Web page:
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Addiction training comes to China

November 24, 2009
by David J. Powell, PhD
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An April conference will feature demonstrations from experienced clinicians

Alcohol and drug abuse and dependence are worldwide concerns. As we saw recently with President Obama’s visit to China, the relationship between the United States and China is critical to the future of both countries. Yet there is one thing we share in common with China that rarely gets discussed: our common alcohol and drug abuse issues.

In China, the largest country in the world with an estimated 1.3 billion people, epidemiological studies have shown steady increases in alcohol consumption and the prevalence of alcohol-related problems since 1980. Recent studies indicate marked changes in drinking patterns and health status in the general population in China. In every category studied (alcohol consumption rates, unrecorded alcoholic beverage consumption, types of beverages consumed, expenditures on drinking, health status related to drinking, morbidity rates from drinking-related physical diseases, and prevalence rates of alcohol-related psychiatric disorders), significant changes were noted.

Prior to the end of the 1970s and especially during the period of the Cultural Revolution, the total amount of alcohol production and consumption in China was relatively low. However, since China has experienced rapid economic and social development, urbanization and modernization, alcohol production and consumption rates have skyrocketed. The number of patients admitted to healthcare facilities for alcohol-related physical and mental diseases has increased steadily from 1980-2005. Current figures predict that the number of women drinking to excess in China will dramatically increase in the early 21st century, as in many other developed countries. Although China’s alcohol consumption rates remain below those of developed Western nations, there is growing concern for the future if China continues to see the current rate of increase.

International efforts

Over the past 10 years, the International Center for Health Concerns, Inc. (ICHC) has been working in China to help develop 12-Step programs and addiction treatment. This has involved several conferences on addictions in Beijing, Shanghai, Changsha and Kunming.

For 2010 a unique training opportunity has been developed: For the first time, a select group of 20 U.S. students are invited to the training in China. ICHC and the Center for Interpersonal Development (CID) and Ningbo University have joined together to provide a five-day conference on addictions, April 5-9, 2010, in Ningbo, China, just three hours south of Shanghai. An international faculty has been assembled: David J. Powell, PhD; William L. Mock, PhD; David Mee-Lee, MD; Mark Publicker, MD; and Yu Liu. The topics to be presented include co-occurring disorders, family therapy, group counseling skills, suicide and depression, clinical supervision, smoking cessation and addiction treatment methodologies.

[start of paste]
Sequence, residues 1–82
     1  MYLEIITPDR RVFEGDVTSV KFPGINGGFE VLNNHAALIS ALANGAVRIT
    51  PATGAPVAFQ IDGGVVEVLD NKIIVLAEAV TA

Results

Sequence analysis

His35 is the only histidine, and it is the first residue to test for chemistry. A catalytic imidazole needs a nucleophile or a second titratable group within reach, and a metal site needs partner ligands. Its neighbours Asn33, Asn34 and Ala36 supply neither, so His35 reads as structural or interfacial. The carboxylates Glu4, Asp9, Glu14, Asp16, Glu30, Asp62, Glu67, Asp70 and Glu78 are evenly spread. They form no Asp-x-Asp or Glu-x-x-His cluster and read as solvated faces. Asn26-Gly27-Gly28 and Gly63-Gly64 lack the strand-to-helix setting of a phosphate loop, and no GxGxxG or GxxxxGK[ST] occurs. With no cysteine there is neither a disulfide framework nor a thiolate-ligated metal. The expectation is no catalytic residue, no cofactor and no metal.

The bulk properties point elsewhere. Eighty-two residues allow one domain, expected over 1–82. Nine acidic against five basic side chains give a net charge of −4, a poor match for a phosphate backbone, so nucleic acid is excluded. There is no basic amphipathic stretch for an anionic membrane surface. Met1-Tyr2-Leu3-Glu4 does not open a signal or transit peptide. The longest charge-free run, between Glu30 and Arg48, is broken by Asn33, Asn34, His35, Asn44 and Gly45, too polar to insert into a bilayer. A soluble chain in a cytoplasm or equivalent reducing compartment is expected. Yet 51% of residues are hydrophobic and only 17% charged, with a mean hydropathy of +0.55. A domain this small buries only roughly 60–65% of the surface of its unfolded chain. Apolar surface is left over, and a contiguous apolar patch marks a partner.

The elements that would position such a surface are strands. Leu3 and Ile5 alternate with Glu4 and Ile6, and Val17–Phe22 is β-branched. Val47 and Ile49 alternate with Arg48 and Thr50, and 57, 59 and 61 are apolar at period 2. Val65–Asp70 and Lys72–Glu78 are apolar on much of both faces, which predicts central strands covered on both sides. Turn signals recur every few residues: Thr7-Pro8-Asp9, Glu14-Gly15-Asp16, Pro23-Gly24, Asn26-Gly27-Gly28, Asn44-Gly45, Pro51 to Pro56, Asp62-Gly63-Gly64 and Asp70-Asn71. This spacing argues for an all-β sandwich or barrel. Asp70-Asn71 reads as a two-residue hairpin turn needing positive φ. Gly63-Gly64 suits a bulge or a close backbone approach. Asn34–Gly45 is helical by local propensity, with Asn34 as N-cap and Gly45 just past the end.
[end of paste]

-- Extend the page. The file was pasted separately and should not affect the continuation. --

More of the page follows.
There will be a variety of learning methods employed: lecture, small and large group discussion, simulations and role plays, demonstrations with patients, grand rounds and learning games. U.S. participants must be fluent in English or Mandarin to participate.

What is unique about this training?

1. The chance to learn together about addictions from our Chinese friends and colleagues.
2. A world-class faculty.
3. Live demonstrations with clients. At most conferences we talk about what to do with clients. At this training, attendees will observe master clinicians at work with patients. The demonstrations will be conducted as grand rounds or counseling sessions, with Chinese patients, conducted by the four master clinicians. Rarely is this ever done in a training program—you might talk about a method of counseling, but rarely will you see it demonstrated with patients.
4. A cultural experience. In addition to the training, participants will be able to visit other sites in Ningbo, Shanghai and Beijing.

Included in the registration is tuition and day-delegate rates for five days of training; lodging in a four-star hotel for seven nights (April 3-10); breakfast, lunch and dinner for six days; transfers to/from Shanghai airport; all training materials; and CEUs from Ningbo University.

The cost for workshop participation is $1,507 and the non-delegate rate is $1,002. (Bring your partner along so they can see the sights of China, too).

China will be the country of the 21st century. Anyone who doubts that has never been to China and looked into the eyes of youths who know in their hearts that they are the future generation of the world. When the populations of China and India are combined, they total 40 percent of the world. With China’s breathtaking growth in technology, industry, economic development, urbanization and modernization, we would be wise to invest resources in addressing the social issues of this burgeoning region.

Those who wish to be part of this challenge and opportunity (a limited number of slots are still open) should contact Linda Mock at (440) 667-7873 or for more information or to register.

David J. Powell, PhD, is President of the International Center for Health Concerns, Inc. ( His e-mail address is